Jaunā Gaita nr. 65, 1967
JG 65 poetry section is entirely in feminine hands. Aina Kraujiete has contributed a cycle of poems, entitled Songs of Sorrow. Like her recent volume of verse, From the Unpaid Paradise (1966), the lamentations of her „twentieth-century Orpheus" are a music of imagery as well as sound. Ināra Kasvante's three poems project a mood of melancholy. Syntactical freedom and freedom of diction and imagination characterize the poems of Ausma Jaunzeme.
In the prose section, Benita Veisberga presents her Fragments through an apparently unorganized succession of images and ideas connected by association. Also episodic in nature, but more traditional, is the historical tale The Orphan, by Nikodēms E. Bojārs. In this narrative a page from early Baltic history has been recreated with its historical minor and major characters, with historical color in speech and costume, with suspense and action. The scene is Avignon in 1331, and Riga and the regions of Vidzeme and Zemgale in 1340. Dr. Bojārs' account of the early Balts will soon appear in book form. His interests, however, are not limited to Eastern Baltic history;, as a research chemist he has written many scientific articles for professional journals.
Andrievs Ezergailis in The March 1917 Revolution in Riga very ably recreates the March days as the Latvian capital saw them. In addition to the rich variety of documentation, the young historian has sharpened his account with many absorbing extras, thus producing much enlightenment along with his thoughtful investigation. To us it seems especially valuable because eyewitnesses and participants were too often under too great a strain to be able to recall events accurately, and a great many of them, all across the political spectrum, wanted to deceive themselves or their readers when they wrote later. The fifth article in the series, Thoughts About the Latvian State, is by Dr. Jānis Peniķis, who teaches Political Science at the University of Minnesota. Unlike some previous contributors, he avoids prophecy but does point out that in order to have a meaningful dialogue, it is most important to know how Latvians „from the other shore " visualize an independent Latvian state.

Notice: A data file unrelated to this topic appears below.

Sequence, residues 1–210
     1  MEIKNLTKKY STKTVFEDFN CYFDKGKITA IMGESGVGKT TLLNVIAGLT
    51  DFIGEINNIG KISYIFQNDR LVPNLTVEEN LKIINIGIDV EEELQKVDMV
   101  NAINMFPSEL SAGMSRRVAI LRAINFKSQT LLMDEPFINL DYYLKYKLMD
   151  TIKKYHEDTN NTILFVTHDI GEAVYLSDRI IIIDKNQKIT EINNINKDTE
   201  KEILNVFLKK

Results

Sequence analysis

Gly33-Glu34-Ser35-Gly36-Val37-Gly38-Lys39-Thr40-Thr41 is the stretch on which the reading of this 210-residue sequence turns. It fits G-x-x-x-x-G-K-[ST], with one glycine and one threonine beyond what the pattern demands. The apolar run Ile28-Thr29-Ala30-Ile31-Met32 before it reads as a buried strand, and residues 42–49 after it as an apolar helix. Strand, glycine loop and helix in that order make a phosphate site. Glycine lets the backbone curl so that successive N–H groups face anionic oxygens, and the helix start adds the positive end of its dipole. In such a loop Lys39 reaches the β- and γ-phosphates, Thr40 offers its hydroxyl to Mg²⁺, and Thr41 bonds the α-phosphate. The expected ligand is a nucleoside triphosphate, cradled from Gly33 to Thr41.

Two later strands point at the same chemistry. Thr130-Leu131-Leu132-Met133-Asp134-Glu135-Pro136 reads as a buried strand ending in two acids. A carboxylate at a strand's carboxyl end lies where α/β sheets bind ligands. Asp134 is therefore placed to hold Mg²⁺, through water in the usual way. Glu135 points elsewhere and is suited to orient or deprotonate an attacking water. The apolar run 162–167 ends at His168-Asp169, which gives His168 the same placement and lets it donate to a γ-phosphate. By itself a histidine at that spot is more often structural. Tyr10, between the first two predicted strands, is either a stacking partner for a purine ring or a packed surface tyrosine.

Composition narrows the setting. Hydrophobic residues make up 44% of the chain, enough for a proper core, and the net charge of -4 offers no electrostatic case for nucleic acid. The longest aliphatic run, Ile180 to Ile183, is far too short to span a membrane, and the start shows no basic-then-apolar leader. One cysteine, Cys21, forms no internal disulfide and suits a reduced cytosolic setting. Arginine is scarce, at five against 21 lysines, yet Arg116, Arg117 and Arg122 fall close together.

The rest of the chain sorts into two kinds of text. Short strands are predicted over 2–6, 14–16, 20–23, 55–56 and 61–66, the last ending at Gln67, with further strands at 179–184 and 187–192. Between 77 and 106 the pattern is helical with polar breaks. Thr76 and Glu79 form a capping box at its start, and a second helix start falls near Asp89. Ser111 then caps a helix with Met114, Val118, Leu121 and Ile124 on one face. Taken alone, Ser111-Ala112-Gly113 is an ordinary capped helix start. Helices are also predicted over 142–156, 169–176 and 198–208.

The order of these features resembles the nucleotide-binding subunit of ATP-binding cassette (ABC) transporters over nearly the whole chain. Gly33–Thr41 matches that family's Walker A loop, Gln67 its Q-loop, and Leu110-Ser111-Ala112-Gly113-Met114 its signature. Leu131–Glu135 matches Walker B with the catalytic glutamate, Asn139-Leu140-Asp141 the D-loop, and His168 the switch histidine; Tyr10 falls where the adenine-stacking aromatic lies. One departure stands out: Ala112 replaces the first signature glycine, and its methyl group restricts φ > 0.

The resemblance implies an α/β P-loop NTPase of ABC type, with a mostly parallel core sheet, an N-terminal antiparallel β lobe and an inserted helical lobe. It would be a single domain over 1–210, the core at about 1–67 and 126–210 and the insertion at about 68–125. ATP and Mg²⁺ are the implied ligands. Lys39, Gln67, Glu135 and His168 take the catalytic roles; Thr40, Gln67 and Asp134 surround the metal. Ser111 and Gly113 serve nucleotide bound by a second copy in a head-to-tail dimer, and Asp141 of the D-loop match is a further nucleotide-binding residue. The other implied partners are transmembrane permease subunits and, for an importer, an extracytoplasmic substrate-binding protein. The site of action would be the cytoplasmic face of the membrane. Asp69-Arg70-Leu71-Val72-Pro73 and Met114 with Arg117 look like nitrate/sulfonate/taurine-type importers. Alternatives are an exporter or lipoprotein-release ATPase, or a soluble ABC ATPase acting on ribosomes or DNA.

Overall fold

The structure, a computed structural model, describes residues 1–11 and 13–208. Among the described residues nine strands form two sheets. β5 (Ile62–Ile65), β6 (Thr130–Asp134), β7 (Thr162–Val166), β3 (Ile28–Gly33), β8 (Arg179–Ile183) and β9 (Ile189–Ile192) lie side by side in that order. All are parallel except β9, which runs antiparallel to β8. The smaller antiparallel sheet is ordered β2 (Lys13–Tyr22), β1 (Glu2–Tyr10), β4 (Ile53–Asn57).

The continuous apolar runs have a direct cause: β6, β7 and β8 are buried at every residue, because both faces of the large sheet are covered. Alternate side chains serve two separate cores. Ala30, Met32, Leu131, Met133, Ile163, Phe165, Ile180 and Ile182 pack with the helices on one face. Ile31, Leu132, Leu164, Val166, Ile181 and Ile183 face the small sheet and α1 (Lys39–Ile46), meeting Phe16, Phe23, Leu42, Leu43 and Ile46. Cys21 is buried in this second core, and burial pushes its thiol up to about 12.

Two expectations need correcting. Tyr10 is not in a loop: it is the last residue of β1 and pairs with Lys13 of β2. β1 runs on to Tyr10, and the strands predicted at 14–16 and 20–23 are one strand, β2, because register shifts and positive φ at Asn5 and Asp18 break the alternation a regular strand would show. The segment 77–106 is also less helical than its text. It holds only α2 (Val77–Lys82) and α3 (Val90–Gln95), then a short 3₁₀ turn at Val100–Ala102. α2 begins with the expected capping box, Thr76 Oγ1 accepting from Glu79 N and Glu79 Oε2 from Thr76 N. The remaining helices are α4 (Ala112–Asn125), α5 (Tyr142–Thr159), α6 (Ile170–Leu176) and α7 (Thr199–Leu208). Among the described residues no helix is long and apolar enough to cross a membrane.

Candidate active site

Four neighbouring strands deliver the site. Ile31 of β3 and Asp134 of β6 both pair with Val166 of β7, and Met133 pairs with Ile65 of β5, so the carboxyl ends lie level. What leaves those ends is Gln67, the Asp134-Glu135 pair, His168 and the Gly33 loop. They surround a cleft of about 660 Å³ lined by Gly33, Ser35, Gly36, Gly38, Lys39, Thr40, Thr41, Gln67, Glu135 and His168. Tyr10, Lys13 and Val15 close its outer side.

He criticizes the unreality of his fellow political exiles who, infused with the highmindedness of their own ideals, have elected to play God by trying too frequently to impose their thinking on their less fortunate compatriots. However, with a note of sadness he admits that at the present time an invitation to Latvians in their homeland to participate in this significant debate is unlikely to produce results. The article Literature in Estonia, by Malle Jürma, is concerned with certain aspects of recent Estonian literature.
That the competence of the present generation of Latvian émigré fiction writers is admirable is shown by three recent prose works discussed in our book review section. A fresh set of literary affinities has entered Latvian literature with Aivars Ruņģis' experimental novel Yourself, Be a Master Yourself. According to our contributing editor Gunars Irbe, it splendidly displays various facets of a remarkable, original literary personality.
Juris Silenieks (a professor of French literature at Carnegie-Mellon University) considers the short-story collection Shadows in Yellow Glass, by Irma Grebzde, a definite narrative accomplishment, although too often her protagonists are shown as social units and not as individuals. Gundars Pļavkalns finds that the historical novel King Solomon, by Jānis Sarma (the oldest living Latvian exile writer), is a mighty book on a mighty theme. Despite some shortcomings, Sarma's narrative gift does justice to epic material and the famous Old Testament personages are interesting and various. Another academic personality, Dr. Juris Veidemanis, reviews the seventh volume of the esteemed scholarly annual Archīvs, published in Melbourne and edited by Dr. Edgars Dunsdorfs (University of Melbourne). This volume deals with two major topicsLatvian theatre in exile and problems of higher education. It also contains an eightyfive-page directory of Latvian scholars abroad. The prose writer Jānis Klīdzējs has some arresting thoughts about The Global Affair, a collection of caricatures by Eduards Keišs, a Latvian cartoonist who has been lauded by Winston Churchill, Jacqueline Kennedy, Elizabeth Taylor and other celebrities.
Where the cultural commissar exerts crushing influence in imposing conformist values most writers are forced to become „political advertisers". Clear proof of this, argues Dr. Paulis Birznieks (of Washington's Georgetown University), is rendered by six volumes of verse recently published in Riga. They are Fields of Young Morning, by Imants Auziņš, Their Address-Taiga, by Ojars Vācietis, Ice Burns with a Flame, by Jānis Plotnieks, Airfields in the Sun and Clocks, by Vitauts Ļudēns, and When Aspens Blush, by Laimonis Vāczemnieks.
In the section Echoes, Laimonis Mieriņš discusses the Soviet art exhibition in London (July 4 - September 1, 1967) that included thirteen Latvian painters. B. Siliņa finds that the volume of novellas entitled ln Exile, by Gunars Janovskis, who writes about „miscreants, wretches, and dregs of humanity", contains similar views. Osvalds Krātiņš comments on the rags to riches story (Textile of Riga, Stockholm, 1966) of the Latvian industrialist Roberts Hiršs.